Vice President of Research
Colorado State University
Dr. Rudolph has had an active career in translating interdisciplinary life sciences into useful applications for technology development. His experience spans basic research to advanced development in government laboratories, the nonprofit and private sectors and most recently in academia. He has published more than 100 technical publications, 3 books and 15 patents in areas including molecular biophysics, lipid self-assembly, drug delivery, blood substitutes, medical imaging, tissue engineering, neuroscience, and diagnostics. After a decade at National Research Council, he was recruited to join the Defense Advanced Research Projects Agency, to lead new strategic efforts to extract and exploit useful principles and practices in life sciences and technology and establish an agency-wide strategy for investments in biosciences and biotechnology. As Chief of Biological Sciences and Technology, Dr. Rudolph established a framework for investments in interdisciplinary life sciences that continues today. In 2003, he founded two biotechnology companies with one currently in human clinical development of novel blood therapeutics. Dr. Rudolph served in the Senior Executive Service leading the nation’s investments in biological threat defense and biosecurity from 2010-2013. Dr. Rudolph started the International Neuroscience Network Foundation in 2006 that has funded research over the last decade in brain machine interface science and education. He has a doctorate degree in zoology from the University of California at Davis and an MBA from George Washington University.
Director of Engines & Energy Conservation Laboratory
Professor in the Department of Mechanical Engineering
Colorado State University
Anthony Marchese is the Director of the Engines and Energy Conversion Laboratory and Professor in the Department of Mechanical Engineering at Colorado State University. Marchese holds a Ph.D. and M.A. in Mechanical and Aerospace Engineering from Princeton University and B.S. and M.S. degrees from Rensselaer Polytechnic Institute. His research areas include internal combustion engines, alternative fuels, combustion, chemical kinetics, microgravity experiments, methane emissions and biomass cookstoves. He is on the editorial board for the journal Algal Research and is the Principal Investigator on a $1.9 Million study organized by the Environmental Defense Fund aimed at quantifying the total emissions of methane from the gathering and processing sector of the natural gas supply chain. From 2010 to 2013, he served as the fuel conversion team leader for the National Alliance for Advanced Biofuels and Bioproducts, a $50 Million DOE algal biofuel consortium. He has previously held positions at Rowan University, United Technologies Research Center in East Hartford, CT and NASA Glenn Research Center in Cleveland, OH.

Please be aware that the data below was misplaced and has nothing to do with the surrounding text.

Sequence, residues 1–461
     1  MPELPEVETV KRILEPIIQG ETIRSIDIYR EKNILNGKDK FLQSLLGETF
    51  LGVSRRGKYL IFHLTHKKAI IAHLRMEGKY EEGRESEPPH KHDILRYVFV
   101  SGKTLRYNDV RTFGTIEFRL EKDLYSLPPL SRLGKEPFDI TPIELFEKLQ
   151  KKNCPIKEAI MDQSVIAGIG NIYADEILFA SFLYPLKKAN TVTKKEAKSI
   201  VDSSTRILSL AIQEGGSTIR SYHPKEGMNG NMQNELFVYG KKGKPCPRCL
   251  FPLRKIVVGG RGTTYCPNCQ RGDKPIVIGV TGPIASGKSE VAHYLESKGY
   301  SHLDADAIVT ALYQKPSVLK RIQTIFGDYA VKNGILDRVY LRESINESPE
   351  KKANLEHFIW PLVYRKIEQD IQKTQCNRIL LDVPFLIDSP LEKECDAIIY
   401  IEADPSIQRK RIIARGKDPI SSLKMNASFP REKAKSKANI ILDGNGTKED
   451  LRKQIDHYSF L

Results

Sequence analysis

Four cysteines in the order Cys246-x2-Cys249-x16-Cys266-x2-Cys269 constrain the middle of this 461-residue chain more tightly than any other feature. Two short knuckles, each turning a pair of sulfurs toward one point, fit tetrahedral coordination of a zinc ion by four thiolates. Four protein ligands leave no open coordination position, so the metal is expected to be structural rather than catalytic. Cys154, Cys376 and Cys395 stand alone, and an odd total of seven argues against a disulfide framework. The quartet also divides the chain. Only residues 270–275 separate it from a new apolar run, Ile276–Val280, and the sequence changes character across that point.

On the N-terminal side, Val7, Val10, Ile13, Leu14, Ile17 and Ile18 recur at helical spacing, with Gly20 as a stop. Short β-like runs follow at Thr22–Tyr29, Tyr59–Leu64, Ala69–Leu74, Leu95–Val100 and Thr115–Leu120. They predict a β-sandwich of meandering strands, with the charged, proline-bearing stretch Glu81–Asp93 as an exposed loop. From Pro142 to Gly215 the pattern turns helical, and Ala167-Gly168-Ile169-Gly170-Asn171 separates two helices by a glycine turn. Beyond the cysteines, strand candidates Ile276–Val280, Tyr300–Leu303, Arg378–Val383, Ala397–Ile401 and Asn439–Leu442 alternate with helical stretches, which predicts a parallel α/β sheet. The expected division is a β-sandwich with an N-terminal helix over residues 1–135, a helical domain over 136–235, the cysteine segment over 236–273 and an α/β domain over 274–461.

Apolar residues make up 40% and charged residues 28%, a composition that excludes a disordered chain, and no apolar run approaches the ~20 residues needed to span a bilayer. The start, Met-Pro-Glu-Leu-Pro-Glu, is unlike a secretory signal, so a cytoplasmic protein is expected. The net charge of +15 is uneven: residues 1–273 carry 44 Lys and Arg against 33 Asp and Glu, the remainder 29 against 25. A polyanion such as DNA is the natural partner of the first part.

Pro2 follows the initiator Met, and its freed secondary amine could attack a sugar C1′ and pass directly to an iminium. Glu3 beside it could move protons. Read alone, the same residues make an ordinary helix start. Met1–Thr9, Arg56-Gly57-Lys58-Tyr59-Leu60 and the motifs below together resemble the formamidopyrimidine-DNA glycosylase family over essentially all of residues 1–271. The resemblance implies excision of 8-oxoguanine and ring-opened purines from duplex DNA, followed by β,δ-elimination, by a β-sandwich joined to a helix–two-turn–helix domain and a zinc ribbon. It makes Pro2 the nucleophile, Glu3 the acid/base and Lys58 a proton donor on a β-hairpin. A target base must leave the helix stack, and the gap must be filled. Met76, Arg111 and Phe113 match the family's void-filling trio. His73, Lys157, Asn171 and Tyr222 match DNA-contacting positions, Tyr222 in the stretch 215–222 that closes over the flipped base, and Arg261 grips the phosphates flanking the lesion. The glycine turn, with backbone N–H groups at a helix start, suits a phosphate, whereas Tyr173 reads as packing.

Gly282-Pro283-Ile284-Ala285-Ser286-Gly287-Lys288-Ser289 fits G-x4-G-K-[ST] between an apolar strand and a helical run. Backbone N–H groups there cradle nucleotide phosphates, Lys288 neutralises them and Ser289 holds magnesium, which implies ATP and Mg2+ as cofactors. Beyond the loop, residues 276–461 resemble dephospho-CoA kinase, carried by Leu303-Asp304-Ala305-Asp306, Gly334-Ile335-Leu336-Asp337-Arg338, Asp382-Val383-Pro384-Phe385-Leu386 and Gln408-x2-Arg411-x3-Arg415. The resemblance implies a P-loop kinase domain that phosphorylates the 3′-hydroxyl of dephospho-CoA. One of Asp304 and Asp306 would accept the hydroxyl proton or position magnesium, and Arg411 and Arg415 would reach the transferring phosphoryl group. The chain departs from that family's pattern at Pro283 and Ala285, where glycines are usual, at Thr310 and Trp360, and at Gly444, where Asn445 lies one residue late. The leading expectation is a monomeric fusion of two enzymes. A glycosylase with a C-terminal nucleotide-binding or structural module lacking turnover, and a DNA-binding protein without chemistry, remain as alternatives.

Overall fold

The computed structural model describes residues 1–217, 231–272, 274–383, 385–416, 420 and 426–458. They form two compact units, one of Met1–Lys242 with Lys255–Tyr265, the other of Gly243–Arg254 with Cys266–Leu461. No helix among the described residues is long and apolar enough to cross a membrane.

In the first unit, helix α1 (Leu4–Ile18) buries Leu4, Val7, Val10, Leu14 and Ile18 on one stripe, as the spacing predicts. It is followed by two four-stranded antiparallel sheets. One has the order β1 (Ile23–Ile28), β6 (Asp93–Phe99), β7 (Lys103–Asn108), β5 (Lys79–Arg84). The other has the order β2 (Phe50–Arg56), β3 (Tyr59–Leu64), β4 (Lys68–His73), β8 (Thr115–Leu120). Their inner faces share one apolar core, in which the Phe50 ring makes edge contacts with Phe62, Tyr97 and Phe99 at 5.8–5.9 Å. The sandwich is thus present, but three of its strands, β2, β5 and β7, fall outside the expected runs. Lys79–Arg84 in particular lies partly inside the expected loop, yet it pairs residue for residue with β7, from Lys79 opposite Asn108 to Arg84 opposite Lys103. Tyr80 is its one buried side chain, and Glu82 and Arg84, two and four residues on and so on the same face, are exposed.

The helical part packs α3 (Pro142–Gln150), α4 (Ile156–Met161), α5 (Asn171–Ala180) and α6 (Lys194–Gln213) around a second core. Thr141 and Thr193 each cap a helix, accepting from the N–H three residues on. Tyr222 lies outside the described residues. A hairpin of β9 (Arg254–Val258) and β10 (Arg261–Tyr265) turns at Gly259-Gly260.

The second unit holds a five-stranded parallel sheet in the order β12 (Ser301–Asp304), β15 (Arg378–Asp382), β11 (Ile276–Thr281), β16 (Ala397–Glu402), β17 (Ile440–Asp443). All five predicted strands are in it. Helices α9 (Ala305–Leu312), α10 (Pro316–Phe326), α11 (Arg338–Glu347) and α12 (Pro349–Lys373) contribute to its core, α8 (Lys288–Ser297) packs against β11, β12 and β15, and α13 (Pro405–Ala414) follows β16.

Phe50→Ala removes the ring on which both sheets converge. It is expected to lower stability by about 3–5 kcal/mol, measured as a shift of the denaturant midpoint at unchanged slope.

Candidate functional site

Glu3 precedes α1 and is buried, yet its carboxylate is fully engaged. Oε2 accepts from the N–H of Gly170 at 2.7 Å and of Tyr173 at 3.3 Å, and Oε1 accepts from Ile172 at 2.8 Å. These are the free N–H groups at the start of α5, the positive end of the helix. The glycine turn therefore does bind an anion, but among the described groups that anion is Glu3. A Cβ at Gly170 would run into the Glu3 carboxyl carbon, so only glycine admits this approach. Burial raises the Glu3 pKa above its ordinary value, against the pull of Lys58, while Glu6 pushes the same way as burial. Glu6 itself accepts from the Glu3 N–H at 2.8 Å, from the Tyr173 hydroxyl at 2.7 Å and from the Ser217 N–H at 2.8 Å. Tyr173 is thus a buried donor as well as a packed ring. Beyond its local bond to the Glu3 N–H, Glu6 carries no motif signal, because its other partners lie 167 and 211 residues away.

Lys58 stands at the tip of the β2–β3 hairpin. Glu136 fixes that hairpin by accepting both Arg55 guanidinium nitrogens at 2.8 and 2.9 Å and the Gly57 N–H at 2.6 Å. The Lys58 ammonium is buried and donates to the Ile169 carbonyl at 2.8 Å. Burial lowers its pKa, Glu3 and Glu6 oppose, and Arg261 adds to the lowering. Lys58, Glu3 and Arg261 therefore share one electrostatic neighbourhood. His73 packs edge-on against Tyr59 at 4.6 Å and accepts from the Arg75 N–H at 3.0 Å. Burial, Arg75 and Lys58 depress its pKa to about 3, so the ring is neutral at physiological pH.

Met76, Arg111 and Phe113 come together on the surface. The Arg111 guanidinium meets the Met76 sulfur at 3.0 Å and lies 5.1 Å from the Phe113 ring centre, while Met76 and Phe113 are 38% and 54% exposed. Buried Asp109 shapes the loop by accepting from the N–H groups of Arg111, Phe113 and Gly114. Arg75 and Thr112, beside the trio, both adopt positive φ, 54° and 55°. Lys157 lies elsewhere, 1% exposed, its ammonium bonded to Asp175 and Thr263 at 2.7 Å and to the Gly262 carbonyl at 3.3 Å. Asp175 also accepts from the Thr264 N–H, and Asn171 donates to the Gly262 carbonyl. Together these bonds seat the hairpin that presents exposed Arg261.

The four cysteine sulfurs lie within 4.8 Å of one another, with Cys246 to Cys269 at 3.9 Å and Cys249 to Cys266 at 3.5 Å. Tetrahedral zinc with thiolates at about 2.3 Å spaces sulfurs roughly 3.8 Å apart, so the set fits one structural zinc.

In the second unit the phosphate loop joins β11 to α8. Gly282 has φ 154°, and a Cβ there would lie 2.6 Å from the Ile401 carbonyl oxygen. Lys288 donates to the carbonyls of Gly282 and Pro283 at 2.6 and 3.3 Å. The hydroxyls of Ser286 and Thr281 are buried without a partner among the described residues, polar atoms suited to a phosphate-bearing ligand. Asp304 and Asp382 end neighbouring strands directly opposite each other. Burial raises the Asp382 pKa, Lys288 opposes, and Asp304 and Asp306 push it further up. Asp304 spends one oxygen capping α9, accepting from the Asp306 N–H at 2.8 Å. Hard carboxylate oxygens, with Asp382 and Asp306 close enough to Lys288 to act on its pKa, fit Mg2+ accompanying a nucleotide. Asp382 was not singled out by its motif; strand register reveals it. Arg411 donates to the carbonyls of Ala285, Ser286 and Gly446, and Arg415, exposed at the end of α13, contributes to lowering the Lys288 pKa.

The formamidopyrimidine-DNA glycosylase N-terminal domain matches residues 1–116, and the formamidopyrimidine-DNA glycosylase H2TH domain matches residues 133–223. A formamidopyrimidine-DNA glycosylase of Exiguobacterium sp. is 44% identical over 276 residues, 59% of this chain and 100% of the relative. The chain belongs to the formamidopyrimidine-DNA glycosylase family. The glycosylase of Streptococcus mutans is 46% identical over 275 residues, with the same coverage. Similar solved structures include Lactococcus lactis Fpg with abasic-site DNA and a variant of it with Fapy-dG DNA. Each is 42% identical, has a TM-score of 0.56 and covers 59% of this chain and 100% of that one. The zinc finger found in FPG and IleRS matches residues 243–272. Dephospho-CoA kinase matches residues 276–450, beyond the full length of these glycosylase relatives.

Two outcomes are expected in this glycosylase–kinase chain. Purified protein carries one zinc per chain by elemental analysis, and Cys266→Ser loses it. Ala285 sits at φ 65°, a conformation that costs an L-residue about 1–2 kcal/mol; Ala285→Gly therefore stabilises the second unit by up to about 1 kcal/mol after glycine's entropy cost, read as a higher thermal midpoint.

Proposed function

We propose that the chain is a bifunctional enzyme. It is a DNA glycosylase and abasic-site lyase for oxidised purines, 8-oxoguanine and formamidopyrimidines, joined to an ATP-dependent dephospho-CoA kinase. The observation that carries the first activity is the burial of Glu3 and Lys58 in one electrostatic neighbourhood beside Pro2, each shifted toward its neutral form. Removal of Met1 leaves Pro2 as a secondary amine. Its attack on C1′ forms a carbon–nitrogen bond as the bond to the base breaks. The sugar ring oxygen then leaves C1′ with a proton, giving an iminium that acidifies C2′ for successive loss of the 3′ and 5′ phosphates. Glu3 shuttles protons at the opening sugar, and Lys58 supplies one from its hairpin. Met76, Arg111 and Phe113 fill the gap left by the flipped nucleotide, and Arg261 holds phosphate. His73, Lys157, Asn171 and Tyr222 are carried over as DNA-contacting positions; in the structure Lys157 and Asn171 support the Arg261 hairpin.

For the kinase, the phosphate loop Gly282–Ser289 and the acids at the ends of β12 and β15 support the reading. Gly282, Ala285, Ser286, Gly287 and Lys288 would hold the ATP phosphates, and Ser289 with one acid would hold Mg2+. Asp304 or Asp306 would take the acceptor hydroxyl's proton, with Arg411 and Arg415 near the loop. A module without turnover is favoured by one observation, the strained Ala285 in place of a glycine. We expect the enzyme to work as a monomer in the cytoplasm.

Senior Research Associate
Director of Electric Power System Laboratory
Colorado State University
Daniel Zimmerle is a Senior Research Associate and Director of the Electric Power System Laboratory in the Energy Institute @ Colorado State. His research concentrates on energy systems research, including microgrids, natural gas systems, and integration of distributed generation. Prior to CSU, Mr. Zimmerle served as the Chief Operating Officer at Spirae, Inc. and worked 20 years at Hewlett Packard and Agilent Technologies including experience as both a division general manager and R&D manager. He has lead organizations in several business areas, including computer systems, test systems, and consumer products. Organizations included personnel in the US, Ireland, Singapore and other countries. He holds a BSME and MSME from North Dakota State University.
Mark W. Paschke
Professor and the Shell Endowed Chair of Restoration Ecology
Department of Forest and Rangeland Stewardship
Colorado State University
Mark Paschke is a Professor and the Shell Endowed Chair of Restoration Ecology in the Department of Forest and Rangeland Stewardship in the Warner College of Natural Resources at Colorado State University. He also serves as Research Associate Dean for the Warner College. He received his PhD in Biology from the University of Illinois at Urbana-Champaign in 1993. He earned B.S. and M.S. degrees in Forestry from the University of Illinois. Dr. Paschke has been a faculty member in WCNR since 2005. Prior to 2005 he was a Research Scholar and Research Scientist at CSU. His research focuses on mechanisms controlling community assembly in terrestrial plant communities. By elucidating these mechanisms his research team is able to guide restoration treatments for disturbed lands. His research has been funded by US Departments of Defense, Agriculture and Interior, various state agencies and the energy and mining industries. For much of his research career he has worked across multiple scales, from the molecular to the ecosystem level, and across multiple disciplines. He currently teaches classes in Restoration Ecology, Ecological Restoration, and Disturbance Ecology at CSU.